Some theories of visual word recognition postulate that there is a level of processing or representation at which morphemes are treated differently from whole words. Support for these theories has been derived from priming experiments in which the recognition of a target word is facilitated by the prior presentation of a morphologically related prime (departure-DEPART). In English, such facilitation could be due to morphological relatedness, or to some combination of the orthographic and semantic relatedness characteristic of derivationally related words. We report two sets of visual priming experiments in which the morphological, semantic, and orthographic relationships between primes and targets are varied in three SOA conditions (43 ms, 72 ms, and 230 ms). Results showed that morphological structure plays a significant role in the early visual recognition of English words that is independent of both semantic and orthographic relatedness. Findings are discussed in terms of current approaches to morphological processing.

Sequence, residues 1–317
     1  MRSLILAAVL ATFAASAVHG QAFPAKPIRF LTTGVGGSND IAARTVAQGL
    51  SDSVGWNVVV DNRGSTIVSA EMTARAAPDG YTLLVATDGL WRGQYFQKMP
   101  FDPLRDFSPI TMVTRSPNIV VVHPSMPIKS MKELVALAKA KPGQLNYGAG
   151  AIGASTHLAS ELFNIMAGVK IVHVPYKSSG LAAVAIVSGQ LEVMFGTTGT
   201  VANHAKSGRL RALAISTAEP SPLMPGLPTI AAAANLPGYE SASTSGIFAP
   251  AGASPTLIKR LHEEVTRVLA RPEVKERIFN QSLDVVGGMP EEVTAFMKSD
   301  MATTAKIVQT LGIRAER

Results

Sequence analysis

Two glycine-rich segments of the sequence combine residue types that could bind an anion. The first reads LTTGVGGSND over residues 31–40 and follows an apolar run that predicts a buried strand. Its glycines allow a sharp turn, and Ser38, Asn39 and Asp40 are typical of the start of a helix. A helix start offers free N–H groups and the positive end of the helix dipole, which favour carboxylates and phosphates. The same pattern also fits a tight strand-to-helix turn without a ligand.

|Number of pages||31|
|Journal||Language and Cognitive Processes|
|Publication status||Published - 2000|